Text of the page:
Nuclear Physics Theory
Nuclear Physics Theory
The Noronha-Hostler groups studies Quantum Chromodynamics (QCD) at extreme temperatures and densities. The group performs large scale simulations on high-performance computers of heavy-ion collisions and also studies the interior of neutron stars by inferring its equation of state. The simulations of heavy-ion collisions are based upon the “standard model” of heavy-ion collisions that incorporated complex, fluctuating initial conditions into relativistic viscous fluid dynamics. In recent years, these simulations have reached an unprecedent level of precision, allowing for imaging of the nuclear structure of the colliding nuclei, searches for a potential critical point in the QCD phase diagram, and studies of the out-of-equilibrium properties of QCD at extreme temperatures and densities. The work done on neutron stars searches for interesting phases of matter such as quark or hyperon phases within the interior of neutron stars and relates these back to observable signatures through gravitational waves or X-Ray observations.
The Noronha group establishes connections between string theory, relativistic fluid dynamics, and kinetic theory to tackle outstanding problems in and out of equilibrium that are beyond the reach of current first principles techniques. A prime example of this is the fluid-like behavior displayed by the quark-gluon plasma, an exotic phase of quantum chromodynamics that existed microseconds after the Big Bang in which quarks and gluons were not confined inside protons and neutrons. Tiny specks of this early Universe matter are now being copiously produced in heavy ion collision experiments, which have provided overwhelming evidence that the quark-gluon plasma flows like a nearly frictionless strongly coupled liquid over distance scales not much larger than the size of a proton. This makes the quark-gluon plasma formed in colliders the hottest, smallest, densest, most perfect fluid known to humanity. How does fluid dynamical behavior emerge from the fundamental interactions between quarks and gluons in quantum chromodynamics? How do relativistic fluids behave far from equilibrium? These are the type of fundamental questions investigated in the group.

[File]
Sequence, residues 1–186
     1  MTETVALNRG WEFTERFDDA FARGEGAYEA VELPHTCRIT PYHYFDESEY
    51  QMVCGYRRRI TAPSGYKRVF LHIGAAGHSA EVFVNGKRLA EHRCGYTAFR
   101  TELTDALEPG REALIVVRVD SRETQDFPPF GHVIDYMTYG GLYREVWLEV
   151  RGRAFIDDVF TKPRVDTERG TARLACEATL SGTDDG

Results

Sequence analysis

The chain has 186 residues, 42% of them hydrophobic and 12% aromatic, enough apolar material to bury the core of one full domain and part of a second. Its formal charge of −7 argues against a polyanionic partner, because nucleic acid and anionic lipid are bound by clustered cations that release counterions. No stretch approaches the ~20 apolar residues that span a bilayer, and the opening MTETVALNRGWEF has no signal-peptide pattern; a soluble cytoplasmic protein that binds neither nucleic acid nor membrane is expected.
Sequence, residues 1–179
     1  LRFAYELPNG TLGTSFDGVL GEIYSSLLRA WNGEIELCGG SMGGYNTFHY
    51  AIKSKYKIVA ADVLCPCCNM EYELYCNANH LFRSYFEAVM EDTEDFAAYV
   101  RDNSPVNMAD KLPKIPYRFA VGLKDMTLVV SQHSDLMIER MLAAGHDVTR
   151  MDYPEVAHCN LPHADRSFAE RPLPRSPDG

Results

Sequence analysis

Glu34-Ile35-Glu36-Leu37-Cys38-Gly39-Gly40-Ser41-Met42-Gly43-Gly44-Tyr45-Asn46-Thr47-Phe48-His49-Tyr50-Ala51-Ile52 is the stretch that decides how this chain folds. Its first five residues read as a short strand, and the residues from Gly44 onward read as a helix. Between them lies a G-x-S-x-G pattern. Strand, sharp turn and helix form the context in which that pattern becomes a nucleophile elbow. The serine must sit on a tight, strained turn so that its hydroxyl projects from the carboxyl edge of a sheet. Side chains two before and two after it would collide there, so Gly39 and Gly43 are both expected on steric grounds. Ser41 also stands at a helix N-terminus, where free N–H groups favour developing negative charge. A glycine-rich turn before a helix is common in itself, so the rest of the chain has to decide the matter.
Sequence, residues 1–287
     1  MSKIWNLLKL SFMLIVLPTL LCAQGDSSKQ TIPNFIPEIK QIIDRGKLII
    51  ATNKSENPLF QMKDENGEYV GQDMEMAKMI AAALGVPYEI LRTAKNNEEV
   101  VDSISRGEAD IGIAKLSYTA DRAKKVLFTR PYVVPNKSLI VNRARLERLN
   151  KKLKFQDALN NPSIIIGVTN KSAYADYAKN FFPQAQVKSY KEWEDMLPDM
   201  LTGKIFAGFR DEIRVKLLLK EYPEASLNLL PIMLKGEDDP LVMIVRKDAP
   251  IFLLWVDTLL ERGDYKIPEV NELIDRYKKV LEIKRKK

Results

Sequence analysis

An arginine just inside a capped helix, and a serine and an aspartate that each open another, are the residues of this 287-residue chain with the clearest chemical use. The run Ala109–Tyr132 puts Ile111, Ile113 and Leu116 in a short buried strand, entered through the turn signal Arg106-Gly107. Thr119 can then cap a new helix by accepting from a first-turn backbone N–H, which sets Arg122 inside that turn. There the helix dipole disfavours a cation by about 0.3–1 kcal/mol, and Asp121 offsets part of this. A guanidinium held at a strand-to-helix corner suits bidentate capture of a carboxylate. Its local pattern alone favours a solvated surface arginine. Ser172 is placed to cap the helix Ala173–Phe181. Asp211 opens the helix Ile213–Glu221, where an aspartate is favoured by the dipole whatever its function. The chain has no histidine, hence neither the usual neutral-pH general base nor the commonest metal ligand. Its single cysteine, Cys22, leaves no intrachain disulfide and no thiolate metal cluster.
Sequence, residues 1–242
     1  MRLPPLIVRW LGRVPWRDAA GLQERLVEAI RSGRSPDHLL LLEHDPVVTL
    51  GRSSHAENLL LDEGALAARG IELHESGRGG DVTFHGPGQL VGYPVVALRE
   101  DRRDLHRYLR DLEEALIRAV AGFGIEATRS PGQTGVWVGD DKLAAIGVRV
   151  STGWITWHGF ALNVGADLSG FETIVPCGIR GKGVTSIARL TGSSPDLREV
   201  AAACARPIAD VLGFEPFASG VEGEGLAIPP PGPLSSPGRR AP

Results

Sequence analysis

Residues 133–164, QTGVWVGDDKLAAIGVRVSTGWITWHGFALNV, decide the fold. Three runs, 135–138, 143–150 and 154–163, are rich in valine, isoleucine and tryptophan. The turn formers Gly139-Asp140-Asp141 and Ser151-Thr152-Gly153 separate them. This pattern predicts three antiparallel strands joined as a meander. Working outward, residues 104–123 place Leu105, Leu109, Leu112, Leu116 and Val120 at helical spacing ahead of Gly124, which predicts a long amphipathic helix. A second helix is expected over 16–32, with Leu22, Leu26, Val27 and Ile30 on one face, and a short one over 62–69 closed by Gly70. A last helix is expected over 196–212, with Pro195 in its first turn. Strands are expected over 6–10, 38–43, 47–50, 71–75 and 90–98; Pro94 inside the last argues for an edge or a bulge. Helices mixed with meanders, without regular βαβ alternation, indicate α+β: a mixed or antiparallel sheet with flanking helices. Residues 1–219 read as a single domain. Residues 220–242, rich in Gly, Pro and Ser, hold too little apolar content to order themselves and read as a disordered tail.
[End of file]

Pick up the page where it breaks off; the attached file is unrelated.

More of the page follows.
The group has also heavily invested in the description of the strongly-coupled quark-gluon plasma using Maldacena’s holographic duality. In this case, the strongly-coupled quark-gluon liquid is modeled via a black hole in higher dimensions, which provide a systematic way to determine the properties of strongly-coupled gauge theories both in thermodynamical equilibrium and also far from equilibrium.
Another focus of research concerns the novel phenomena displayed by viscous/dissipative fluids and plasmas under extreme conditions, such as in the presence of strong electromagnetic fields and strong gravitational fields. Neutron star mergers and relativistic plasmas near black holes provide key examples of systems current investigated in the group.
The research done in the group deals with physics problems that are intrinsically interdisciplinary and there is strong collaboration with members of the Illinois Center for Advanced Studies of the Universe (ICASU), especially in topics involving neutron stars and black holes.